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We Need To Talk About Tyrone

With two substantial slabs of EP gold on both Metalheadz and Guidance in the last few months, Tyrone has been a hard, if not impossible, force to ignore this year. Cuts like Severance will singe every hair on your body right down to the follicle before you can say ‘scorched earth policy’ while cuts like Heaton Dramaz are pure techno tension at 172. Then you have cuts like Beg Of U that just purr with timeless star-bound soul…

These are just a handful of examples of the Newcastle born-and-bred artist’s craft. Yet he reckons the best is yet to come. After spending the first half of the 2010s writing in a trio as a member of Chroma, the last few years have seen him relearn, refine and reboost his skills. It’s paid off. Jubei told us earlier this year that Tyrone is going “come crashing in with so many bad tunes.” The wreckage starts right here…

Last time you were mentioned on here it was Jubei bigging you up. He said you were sitting on some bangers then weeks later you dropped a massive Metalheadz EP and now this beast on Guidance…

Well some of those tunes I’d been sat on for a while to be honest. I didn’t know what to do with my music. At the time I was writing as part of Chroma and it was hard to get all three of us together so I was writing things on my own quite a bit. I wanted to get myself into a situation where I could finish my own tunes. So Lunar City and Warriors were done in 2015. They were just a case of me getting stuff to Paul (Jubei) and him sending them to Headz. The Severance EP is the most up to date version of me, though, and the way my music is progressing. I’m on another project for another label right now which I’m also really excited about. Everything else you’ve heard is me learning how to properly know myself in the studio and finish tunes for the last four years. Even the Severance EP started two years ago.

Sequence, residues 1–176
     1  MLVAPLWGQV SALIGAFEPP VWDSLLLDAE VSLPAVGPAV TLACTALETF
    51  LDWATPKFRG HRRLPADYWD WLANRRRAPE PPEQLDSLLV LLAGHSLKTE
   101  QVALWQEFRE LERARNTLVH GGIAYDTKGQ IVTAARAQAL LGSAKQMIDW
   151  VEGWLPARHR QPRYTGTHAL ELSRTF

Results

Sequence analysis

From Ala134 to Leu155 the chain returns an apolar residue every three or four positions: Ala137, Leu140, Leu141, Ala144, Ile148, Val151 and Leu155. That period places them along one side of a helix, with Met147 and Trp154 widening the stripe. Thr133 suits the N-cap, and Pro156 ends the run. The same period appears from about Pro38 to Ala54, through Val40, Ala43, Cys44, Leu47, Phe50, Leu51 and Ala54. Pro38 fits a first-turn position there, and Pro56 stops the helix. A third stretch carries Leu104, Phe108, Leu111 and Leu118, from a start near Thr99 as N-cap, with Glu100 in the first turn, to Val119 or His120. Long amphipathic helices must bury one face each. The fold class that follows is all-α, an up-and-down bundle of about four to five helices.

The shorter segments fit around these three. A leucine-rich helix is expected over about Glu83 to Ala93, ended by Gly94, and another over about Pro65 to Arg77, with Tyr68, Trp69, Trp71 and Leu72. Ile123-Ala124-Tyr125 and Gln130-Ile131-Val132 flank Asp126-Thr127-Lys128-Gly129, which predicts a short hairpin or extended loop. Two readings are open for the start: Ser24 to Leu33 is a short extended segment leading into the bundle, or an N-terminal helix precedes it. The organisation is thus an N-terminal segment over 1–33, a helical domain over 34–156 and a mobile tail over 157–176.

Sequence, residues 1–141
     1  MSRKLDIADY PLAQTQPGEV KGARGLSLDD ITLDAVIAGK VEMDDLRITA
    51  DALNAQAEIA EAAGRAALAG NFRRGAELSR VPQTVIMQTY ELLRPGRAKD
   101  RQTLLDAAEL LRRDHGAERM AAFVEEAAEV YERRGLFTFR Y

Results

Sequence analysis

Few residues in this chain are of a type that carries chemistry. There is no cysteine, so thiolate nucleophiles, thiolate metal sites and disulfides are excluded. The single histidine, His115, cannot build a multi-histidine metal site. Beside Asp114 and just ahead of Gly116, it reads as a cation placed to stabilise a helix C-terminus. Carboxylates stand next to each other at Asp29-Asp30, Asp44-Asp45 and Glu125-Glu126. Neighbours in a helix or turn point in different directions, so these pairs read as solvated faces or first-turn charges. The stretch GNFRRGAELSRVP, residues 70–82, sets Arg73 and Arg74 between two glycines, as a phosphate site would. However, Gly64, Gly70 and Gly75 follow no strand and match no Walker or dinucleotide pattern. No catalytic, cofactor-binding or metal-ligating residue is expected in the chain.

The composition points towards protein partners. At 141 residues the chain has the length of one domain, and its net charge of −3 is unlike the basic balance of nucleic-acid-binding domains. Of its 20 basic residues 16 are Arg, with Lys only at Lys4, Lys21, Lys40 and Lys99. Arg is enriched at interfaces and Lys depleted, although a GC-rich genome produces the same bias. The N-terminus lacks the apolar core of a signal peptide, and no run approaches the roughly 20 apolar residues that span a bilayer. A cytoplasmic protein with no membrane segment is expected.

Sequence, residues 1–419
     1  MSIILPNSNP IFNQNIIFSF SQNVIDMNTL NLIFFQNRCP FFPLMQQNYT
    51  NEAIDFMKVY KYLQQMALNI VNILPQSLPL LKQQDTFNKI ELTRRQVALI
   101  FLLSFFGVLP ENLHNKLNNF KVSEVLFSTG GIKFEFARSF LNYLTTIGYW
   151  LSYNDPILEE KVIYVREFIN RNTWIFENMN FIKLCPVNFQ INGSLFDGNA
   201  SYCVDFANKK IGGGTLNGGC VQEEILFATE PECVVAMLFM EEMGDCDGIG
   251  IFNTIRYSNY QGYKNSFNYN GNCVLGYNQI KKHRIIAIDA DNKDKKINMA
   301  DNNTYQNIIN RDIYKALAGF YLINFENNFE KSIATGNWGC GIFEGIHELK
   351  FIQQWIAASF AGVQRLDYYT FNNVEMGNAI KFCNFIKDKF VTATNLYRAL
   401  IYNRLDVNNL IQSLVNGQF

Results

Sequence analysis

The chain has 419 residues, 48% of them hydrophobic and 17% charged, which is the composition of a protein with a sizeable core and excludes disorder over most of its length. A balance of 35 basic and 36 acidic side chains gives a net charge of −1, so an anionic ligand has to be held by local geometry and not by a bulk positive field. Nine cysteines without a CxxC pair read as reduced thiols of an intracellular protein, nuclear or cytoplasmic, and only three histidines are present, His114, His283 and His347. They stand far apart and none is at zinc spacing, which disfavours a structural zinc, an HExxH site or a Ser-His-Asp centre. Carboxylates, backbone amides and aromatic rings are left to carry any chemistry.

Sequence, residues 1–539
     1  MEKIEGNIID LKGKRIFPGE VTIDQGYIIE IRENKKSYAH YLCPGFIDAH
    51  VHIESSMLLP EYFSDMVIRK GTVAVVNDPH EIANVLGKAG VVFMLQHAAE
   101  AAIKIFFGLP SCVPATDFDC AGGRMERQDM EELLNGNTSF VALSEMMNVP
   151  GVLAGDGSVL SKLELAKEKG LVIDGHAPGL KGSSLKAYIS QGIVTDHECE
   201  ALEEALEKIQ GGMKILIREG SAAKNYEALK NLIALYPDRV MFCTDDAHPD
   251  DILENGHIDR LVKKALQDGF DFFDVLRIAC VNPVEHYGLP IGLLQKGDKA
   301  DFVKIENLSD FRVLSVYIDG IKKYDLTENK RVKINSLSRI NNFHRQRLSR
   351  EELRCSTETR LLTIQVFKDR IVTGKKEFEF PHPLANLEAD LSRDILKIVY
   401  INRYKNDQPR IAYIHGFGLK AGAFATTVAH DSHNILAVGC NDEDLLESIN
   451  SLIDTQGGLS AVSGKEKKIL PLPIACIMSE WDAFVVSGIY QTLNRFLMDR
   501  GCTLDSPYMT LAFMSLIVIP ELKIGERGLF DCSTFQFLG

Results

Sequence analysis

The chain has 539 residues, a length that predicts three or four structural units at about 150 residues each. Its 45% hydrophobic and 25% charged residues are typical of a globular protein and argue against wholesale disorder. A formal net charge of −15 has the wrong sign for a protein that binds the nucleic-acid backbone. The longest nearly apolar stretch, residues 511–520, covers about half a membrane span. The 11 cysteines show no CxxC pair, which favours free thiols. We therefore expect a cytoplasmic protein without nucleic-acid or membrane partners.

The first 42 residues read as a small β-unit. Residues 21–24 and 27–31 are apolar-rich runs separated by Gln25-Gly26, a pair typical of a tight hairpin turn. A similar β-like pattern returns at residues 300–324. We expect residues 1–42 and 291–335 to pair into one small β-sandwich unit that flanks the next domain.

How did that come about?

Sun And Bass last year. We had a chat, they asked for some bits and it grew from there. Greg and James are top guys, very talented and very supportive. I love working with them, working with your mates is fun and inspiring.

Guidance is on fire, too

Totally man. It’s different working with them. I’ve worked with a lot of great labels but Greg and James gave me so much control on what I wanted to with the release. How do I want the artwork to look, the type and style of vinyl, how do I want to roll out the release. With some labels you don’t know what’s happening until weeks before it’s out when you’re told the release date. I’ve been able to get good mates involved, like my good friend Dan who made the video.

Sick video man

Thanks. Dan and I have been mates for years. He doesn’t usually do music videos, but he had this idea and Greg and James were up for doing it and it’s come out really well. Everyone involved was just outstanding.

Going back to your tunes – especially the previous releases before this Guidance EP – you could never tell they were old in any way…

Nice one. I mean I’ve been writing for years. And With Chroma I was so lucky to have Kev and James Phobia to help guide me. They were so good. Especially Phobia, he could turn anything into something great sounding. I’d be coming with ideas and he and Kev would bring them to life and I got it into my head that I couldn’t finish tunes. So that time between then and now – the last four or five years – is me learning to finish tunes and getting where to I wanted to be.

I went back to your first ever tunes. Pre-Chroma. Stuff like Behemoth. They sound relevant to this day…